Fresh sweet flag plants, incorrectly termed "rushes," were periodically spread on medieval castle floors as a floor covering. These reed-like plants were inexpensive and plentiful and, when mixed with fresh herbs, were a good way to cover dirt while sweetening the air.
Sweet flag is a tall, smooth, fragrant plant that grows well in wetlands and boggy areas. In medieval times, bundles of these plants were gathered up and spread across some castle floors and the dirt floors of many medieval churches and cathedrals. Fragrant, often medicinal herbs were sprinkled among the rushes partly to sweeten aging rushes and partly to discourage bugs and molds. Fresh rushes were sometimes spread on top of the old rushes, and at other times, the entire floor was swept clean of old rushes and debris and scrubbed first. This practice served to disguise dirt and debris while insulating rooms from the cold.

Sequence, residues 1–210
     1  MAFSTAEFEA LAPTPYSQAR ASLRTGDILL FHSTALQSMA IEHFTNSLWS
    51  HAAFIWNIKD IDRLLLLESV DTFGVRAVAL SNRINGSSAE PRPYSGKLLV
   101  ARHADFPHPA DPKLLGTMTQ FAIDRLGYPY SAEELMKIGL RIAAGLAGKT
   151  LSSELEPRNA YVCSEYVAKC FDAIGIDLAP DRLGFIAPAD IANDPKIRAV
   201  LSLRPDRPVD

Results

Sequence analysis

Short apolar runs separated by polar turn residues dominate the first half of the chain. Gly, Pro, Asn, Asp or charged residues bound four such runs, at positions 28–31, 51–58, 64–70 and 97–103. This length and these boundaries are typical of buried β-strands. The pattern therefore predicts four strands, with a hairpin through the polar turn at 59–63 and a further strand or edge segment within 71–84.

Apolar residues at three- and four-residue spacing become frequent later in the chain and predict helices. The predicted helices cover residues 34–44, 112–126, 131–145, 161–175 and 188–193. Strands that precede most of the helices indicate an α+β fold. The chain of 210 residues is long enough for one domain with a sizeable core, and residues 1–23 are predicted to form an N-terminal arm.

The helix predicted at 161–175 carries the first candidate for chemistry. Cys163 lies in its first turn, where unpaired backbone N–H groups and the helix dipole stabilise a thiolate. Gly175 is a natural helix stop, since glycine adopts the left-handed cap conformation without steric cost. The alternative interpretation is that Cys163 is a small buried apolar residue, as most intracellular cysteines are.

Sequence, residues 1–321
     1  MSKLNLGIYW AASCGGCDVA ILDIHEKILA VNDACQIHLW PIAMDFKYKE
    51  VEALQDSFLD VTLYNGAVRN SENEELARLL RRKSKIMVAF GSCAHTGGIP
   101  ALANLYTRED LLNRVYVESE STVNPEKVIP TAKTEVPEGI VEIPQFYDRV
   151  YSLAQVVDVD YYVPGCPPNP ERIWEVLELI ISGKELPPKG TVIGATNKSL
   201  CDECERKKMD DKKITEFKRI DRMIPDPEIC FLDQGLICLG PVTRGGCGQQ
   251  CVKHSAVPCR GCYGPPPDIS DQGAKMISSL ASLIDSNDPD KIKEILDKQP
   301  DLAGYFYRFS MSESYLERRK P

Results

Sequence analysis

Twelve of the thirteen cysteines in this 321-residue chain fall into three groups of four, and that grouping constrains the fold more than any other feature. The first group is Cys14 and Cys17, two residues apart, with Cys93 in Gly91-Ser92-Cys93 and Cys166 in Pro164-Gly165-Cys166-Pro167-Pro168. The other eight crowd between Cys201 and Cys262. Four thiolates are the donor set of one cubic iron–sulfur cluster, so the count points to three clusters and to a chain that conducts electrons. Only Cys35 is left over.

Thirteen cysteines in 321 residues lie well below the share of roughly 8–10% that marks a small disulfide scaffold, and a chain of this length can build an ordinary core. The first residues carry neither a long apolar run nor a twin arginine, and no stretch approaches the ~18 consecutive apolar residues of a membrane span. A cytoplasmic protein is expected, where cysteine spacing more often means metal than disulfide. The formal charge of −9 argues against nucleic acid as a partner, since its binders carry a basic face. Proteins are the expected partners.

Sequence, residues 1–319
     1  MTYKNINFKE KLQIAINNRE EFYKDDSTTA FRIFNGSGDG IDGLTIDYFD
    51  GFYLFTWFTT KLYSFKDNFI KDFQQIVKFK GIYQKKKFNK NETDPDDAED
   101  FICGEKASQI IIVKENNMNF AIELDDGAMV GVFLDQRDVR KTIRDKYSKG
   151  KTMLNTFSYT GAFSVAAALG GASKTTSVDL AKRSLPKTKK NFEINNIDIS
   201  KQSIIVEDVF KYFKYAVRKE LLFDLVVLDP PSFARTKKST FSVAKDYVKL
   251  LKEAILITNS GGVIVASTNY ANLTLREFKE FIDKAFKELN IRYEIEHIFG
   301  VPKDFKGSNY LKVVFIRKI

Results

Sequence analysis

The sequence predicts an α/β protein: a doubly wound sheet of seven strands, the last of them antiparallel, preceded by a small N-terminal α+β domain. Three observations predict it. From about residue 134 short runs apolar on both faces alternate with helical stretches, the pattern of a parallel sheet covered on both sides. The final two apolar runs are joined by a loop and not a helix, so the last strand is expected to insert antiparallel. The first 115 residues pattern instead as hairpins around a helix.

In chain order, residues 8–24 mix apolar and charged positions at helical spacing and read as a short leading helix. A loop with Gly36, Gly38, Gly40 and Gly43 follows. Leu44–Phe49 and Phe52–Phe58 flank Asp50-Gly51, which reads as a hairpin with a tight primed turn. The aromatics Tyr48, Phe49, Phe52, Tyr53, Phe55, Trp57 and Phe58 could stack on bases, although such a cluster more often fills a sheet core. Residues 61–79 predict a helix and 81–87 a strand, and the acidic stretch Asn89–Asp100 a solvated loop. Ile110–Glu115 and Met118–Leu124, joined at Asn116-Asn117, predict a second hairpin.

In the late Medieval and early Renaissance periods, loose rushes gave way to woven or stitched rush mats on floors, which provided similar benefits but wore well and were easier to replace. By the time of the English Tudors, floor coverings in castles were mostly purchased rush mats. Carpets were used as well, but these more expensive floor coverings were often layered over rush mats for special occasions and removed for everyday use.